My old class mate (college class, that is, not social class) George Pascoe-Watson, the Sun‘s political editor, just said something on Sky that’s taken me by surprise. Referring to Dave’s commitment to campaign for David Davis in the forthcoming self-inflicted by-election, George said this might mean that the Tories “might not stand a candidate against him”. What on earth does that mean? That DD has resigned as a member of the Conservative Party? That he won’t be the Tories’ official candidate?
Davis’s own claim that this by-election will give his electorate an opportunity to pass judgment is perhaps true, but what happens if and when he arrives back at the Commons with his new mandate? That the 70,000 voters in Haltemprice and Howden should have a veto over policy agreed by the House of Commons, a policy supported by an overwhelming majority of citizens (including, presumably, a similar proportion of Haltemprice and Howden’s voters)?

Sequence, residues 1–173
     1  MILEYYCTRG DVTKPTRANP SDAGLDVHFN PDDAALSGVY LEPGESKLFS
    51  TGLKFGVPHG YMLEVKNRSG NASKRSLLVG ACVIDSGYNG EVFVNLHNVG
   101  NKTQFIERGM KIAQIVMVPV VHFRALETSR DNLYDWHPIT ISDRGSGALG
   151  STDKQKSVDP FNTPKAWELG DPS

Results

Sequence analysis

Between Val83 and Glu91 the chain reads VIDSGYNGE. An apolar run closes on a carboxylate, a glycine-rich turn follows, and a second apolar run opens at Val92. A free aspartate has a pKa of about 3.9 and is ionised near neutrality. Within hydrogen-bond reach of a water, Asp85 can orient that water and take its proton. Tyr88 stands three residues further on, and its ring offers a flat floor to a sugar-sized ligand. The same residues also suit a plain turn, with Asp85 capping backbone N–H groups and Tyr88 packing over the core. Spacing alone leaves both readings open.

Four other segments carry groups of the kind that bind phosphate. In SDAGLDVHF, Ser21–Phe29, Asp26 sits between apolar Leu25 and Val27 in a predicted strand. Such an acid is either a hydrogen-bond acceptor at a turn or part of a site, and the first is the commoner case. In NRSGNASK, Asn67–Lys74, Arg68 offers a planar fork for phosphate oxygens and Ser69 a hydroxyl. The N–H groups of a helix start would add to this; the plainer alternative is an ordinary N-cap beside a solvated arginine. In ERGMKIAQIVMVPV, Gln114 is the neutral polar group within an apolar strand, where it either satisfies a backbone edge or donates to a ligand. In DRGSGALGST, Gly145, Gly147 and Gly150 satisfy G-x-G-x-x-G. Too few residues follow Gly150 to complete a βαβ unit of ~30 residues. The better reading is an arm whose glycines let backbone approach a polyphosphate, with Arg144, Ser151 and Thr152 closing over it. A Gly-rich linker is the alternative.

The rather magnificent Denis MacShane is on Sky at the moment, being gloriously patronising about DD’s “little by-election”. At least half of the Labour MPs I met in the tearoom in the past hour have told me they think Labour shouldn’t stand a candidate. Not sure yet; we should probably let the dust settle before that decision is taken.
I had lunch a few weeks ago with a good friend of DD’s who said DD had given up any hope of leading his party. If rumours about an irreconcilable split between Dave and DD are true, could this be DD’s last throw of the dice, a chance to attract some attention after years in Dave’s shadow? He says he wants to take a stand against government infringements on civil liberties. Does that mean he feels that no-one else in his party (aka Dave) is willing to do so?
What is fascinating about Dave’s most recent pronouncement in this is his statement that “I wish him well” in his by-election campaign. He sounded like a disinterested commentator, not the leader of the Opposition and the Conservative Party.